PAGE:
UBC Theses and Dissertations
Tools and applications for DNA sequencing in the clinical management of viral infectious diseases : examples from HIV-1 and HCV Brumme, Chanson Joachim
Combination antiretroviral therapy has transformed Human Immunodeficiency Virus (HIV) infection from what was once a fatal diagnosis to a manageable chronic condition. Similarly, new direct-acting antivirals offer a potential cure for individuals infected with Hepatitis C Virus (HCV). Treatment of these two infectious diseases is now routinely guided by genotypic drug resistance testing: portions of the viral genome are sequenced and analyzed for mutations in order to select drug combinations best suited to treat each individual’s unique viral population. The primary aim of this thesis is to develop new methods to personalize therapies for HIV and HCV using a variety of DNA sequencing technologies. First, manual review of Sanger sequences is highly subjective, leading to potential bias in the detection of resistance mutations in diverse viral populations. Automated sequence analysis software that provides standardization between users and laboratories is presented. Second, HIV treatment in resource-limited settings is compromised by insufficient access to resistance testing. To facilitate individual-level monitoring, a low-cost resistance test, whereby hundreds of samples are simultaneously sequenced on a next-generation instrument, is proposed and validated. Third, novel screening and drug resistance tests are required to assess the efficacy of new antivirals. For example, certain regimens containing the protease inhibitor simeprevir are less effective in treating individuals infected with HCV harboring a common polymorphism. Two independent sequencing assays that test for this polymorphism are described and validated. A secondary aim is to measure HIV evolution under immune and drug selection pressures using these same sequencing methods. The hypothesis that effective treatment suppresses viral replication and retards viral evolution is supported by evidence from longitudinal sequences from patients on antiretroviral therapy. A second study demonstrates limited selection of drug resistance mutations in patients with low-level viremia, supporting the hypothesis that many results from an approved clinical test are false positives. Finally, next-generation sequencing is used to quantify HIV variants in cultured virus in order to measure their relative replicative fitness. This thesis provides evidence that new and existing assays and bioinformatic tools will remain invaluable in the clinical management of HIV and HCV as DNA sequencing technologies continue to evolve.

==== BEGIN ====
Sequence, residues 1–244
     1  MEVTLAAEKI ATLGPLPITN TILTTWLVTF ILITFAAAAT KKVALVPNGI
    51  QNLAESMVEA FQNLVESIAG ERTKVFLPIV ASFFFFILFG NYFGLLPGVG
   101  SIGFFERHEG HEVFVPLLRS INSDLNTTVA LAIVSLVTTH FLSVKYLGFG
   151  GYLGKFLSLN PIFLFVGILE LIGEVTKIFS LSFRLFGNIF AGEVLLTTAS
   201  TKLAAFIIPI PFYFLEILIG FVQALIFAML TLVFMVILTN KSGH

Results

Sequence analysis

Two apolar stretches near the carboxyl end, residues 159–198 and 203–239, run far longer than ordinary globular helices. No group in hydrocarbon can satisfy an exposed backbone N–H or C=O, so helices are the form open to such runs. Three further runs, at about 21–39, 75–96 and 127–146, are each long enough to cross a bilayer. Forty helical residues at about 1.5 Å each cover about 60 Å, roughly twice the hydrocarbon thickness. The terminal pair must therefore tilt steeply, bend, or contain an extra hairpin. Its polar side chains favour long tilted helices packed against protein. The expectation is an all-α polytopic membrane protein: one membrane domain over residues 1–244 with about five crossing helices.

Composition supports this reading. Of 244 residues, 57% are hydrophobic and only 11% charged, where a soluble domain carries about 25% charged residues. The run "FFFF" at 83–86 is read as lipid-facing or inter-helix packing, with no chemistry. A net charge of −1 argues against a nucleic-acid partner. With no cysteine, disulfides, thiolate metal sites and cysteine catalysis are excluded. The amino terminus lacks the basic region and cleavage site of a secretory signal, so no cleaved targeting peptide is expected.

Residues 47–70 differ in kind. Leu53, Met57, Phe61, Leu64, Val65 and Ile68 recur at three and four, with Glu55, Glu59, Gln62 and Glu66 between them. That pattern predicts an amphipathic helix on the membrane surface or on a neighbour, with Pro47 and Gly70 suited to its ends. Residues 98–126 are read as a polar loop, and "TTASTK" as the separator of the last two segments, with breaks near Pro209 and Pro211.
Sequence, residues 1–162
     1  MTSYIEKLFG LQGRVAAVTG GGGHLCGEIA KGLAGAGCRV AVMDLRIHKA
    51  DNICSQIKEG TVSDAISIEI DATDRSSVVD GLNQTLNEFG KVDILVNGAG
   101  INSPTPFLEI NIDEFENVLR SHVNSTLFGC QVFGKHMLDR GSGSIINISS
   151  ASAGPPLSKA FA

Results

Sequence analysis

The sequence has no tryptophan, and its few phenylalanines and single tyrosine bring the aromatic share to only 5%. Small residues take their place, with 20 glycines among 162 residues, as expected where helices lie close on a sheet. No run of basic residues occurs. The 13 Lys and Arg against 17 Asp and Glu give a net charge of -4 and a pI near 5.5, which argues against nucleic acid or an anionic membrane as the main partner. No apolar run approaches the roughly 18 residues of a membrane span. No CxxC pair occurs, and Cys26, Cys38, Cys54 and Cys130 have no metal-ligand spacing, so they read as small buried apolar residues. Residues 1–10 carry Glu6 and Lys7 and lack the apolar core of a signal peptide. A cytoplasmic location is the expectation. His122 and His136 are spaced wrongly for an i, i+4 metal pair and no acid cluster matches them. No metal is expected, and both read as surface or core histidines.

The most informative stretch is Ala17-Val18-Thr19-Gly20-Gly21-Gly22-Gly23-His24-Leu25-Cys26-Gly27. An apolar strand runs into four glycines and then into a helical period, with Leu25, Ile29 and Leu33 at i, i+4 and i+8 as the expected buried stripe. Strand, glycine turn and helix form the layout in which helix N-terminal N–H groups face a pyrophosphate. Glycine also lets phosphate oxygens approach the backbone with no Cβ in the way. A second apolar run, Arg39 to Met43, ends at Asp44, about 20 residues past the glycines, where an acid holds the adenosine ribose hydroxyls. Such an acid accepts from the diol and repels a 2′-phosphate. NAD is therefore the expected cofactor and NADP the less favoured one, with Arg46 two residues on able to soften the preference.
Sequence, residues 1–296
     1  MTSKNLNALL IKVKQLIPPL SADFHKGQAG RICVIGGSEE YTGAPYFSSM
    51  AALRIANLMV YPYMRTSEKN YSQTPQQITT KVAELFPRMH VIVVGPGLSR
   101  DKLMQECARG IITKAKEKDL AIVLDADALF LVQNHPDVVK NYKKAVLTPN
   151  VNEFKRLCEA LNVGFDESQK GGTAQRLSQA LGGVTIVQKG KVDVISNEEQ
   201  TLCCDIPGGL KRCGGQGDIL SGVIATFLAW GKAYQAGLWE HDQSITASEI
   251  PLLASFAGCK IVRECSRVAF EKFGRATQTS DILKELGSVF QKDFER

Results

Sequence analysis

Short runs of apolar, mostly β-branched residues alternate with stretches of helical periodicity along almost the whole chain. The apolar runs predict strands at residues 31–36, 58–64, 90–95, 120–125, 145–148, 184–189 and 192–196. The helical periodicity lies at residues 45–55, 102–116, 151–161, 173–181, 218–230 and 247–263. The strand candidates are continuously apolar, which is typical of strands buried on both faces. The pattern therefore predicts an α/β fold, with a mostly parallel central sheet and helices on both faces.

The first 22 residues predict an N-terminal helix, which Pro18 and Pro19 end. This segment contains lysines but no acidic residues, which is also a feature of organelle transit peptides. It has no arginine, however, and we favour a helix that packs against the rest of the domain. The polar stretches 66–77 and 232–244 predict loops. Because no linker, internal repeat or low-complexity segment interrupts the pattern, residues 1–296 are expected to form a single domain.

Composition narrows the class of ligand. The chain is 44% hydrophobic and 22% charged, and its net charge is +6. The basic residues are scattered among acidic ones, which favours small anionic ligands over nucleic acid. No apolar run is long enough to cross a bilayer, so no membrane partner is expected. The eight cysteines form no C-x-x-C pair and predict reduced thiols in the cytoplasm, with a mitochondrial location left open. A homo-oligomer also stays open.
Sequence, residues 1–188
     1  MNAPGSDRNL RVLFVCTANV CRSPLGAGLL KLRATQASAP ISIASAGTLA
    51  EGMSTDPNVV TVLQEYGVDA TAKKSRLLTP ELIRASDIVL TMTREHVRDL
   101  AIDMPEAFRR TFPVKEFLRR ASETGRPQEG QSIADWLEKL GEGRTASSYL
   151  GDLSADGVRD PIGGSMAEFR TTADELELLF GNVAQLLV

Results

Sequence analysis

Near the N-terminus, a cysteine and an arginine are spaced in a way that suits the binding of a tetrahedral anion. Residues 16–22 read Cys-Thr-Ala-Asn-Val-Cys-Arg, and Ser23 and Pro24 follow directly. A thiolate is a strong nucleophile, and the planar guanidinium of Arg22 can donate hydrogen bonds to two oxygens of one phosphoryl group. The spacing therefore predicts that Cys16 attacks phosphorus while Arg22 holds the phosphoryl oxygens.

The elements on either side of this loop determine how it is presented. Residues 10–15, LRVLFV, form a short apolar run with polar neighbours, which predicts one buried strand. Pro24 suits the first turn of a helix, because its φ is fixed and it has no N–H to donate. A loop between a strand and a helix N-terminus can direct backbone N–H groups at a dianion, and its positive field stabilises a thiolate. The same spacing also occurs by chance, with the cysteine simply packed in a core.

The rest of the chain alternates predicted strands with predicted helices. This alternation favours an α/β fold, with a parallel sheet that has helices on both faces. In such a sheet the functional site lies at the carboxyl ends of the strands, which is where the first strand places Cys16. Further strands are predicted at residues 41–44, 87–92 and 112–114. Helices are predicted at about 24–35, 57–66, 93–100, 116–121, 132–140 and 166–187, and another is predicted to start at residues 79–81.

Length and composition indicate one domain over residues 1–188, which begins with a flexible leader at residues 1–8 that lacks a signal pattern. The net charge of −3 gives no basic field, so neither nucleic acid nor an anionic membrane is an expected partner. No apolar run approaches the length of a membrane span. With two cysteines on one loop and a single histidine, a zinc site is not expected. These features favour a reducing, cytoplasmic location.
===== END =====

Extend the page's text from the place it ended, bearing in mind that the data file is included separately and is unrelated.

Item Citations and Data
Attribution-NonCommercial-NoDerivs 2.5 Canada